Allergic Rhinitis – A Life-Altering Disease

Margarita FolkPosted by

Allergic rhinitis, also known as "hay fever", is quite possibly the most common disease experienced by the allergy sufferer. About 20% of the world's population has been diagnosed with allergic rhinitis and approximately $ 5.3 billion are spent every year on the treatment of this disease. Allergic rhinitis is not fatal, but it does significantly decrease the quality of life to those who suffer from it.

Allergic rhinitis can be either seasonal or perennial. It is also believed to be hereditary, so an assessment of family history of allergies may be performed, along with a physical examination during diagnosis.

Allergic rhinitis is basically the swelling and inflammation of the nasal passages. This is where the "clogged" feeling comes from during an allergic reaction. It is caused by the release of histamines in the nose as a reaction to allergens. Some symptoms associated with allergic rhinitis are sneezing, a clear discharge from the nose, watery eyes, itching of the nose, throat and eyes, congestion, ear pressure, nose bleeds and fatigue. Other symptoms can occur, depending on the severity of the allergy.

Allergic rhinitis affects a large percentage of people all over the world. The onset of allergic rhinitis is usually experienced in childhood or early adolescence, but can be experienced at any time in life. In children, allergic rhinitis is more common in boys than in girls; however, it is not any more common in either gender in adulthood. Allergic rhinitis is not life threatening, but it can have a drastic negative effect on the quality of life. Other disorders, such as asthma and otitis media (ear infections). Sleep disorders, such as apnea and generalized fatigue also often accompanies the symptoms of allergic rhinitis, which can make life much less enjoyable for the allergy sufferer.

There are many factors that trigger the symptoms of allergic rhinitis. As previously prescribed, allergic rhinitis can be either perennial or seasonal. Dust mites, pet dander, mold and cockroaches can cause these symptoms to persist year round. Grass and ragweed pollens are the most prevalent of the seasonal allergy triggers. Some plants require insects for pollination. These plants are not seasonal. Only plants that rely strictly on airborne pollination trigger allergic reactions.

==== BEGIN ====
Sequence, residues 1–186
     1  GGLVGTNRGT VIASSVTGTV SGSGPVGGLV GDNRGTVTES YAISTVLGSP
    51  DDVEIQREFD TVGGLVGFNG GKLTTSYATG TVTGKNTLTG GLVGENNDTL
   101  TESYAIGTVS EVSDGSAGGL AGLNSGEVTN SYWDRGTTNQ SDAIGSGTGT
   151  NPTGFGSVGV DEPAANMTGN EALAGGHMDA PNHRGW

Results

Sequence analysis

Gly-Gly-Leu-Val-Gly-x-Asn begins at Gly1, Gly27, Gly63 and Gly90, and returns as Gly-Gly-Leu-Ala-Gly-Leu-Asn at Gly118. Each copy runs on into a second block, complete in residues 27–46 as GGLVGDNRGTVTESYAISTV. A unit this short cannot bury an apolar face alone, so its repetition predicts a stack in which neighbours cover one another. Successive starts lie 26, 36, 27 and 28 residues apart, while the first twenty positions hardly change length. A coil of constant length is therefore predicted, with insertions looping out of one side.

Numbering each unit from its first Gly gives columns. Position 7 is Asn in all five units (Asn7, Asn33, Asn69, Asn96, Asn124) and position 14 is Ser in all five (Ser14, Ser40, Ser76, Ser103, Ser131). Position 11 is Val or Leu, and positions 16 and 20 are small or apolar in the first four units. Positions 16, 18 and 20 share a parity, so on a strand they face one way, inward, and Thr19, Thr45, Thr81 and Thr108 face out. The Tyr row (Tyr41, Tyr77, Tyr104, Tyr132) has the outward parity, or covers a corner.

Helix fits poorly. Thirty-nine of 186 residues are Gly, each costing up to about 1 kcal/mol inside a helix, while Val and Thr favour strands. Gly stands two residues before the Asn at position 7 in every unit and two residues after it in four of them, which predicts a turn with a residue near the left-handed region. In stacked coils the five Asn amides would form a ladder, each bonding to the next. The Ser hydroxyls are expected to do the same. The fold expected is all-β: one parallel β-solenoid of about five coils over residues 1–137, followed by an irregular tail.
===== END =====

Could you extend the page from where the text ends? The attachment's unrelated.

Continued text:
Allergic rhinitis can be fairly easily diagnosed by a physician. The physician may ask the patient about past family medical history before beginning a physical examination. A past history of allergies may indicate that the patient is at a higher risk for developing allergies. After that, the physician will perform a physical examination. Often, when an individual is suffering from allergic rhinitis, the lining of the nose will be pale and swollen. The whites of the eyes may be red and irritated and the eyelids may be swollen. Allergic shiners, or dark circles under the eyes are also indicators of allergies. A crease in the middle of the nose may also be present, which has been named the "allergic salute". This is caused by rubbing or pushing up from beneoth the nose with the palm of the hand. Skin testing may be done to determine a positive diagnosis.

There are many products on the market that can be used to treat the symptoms of allergic rhinitis. There is no cure for this disease, but if properly treated, the symptoms can be controlled. Antihistamines, nasal sprays and nasal decongestants are the most common treatment for the symptoms of allergic rhinitis. Other options are the allergy shots, which works by exposing the immune system to small doses of allergens. This strengthens the immune system and thus reduces the symptoms of that allergy. Usually this form of treatment is only used when nothing else has proved affective.


Source by Michael Russell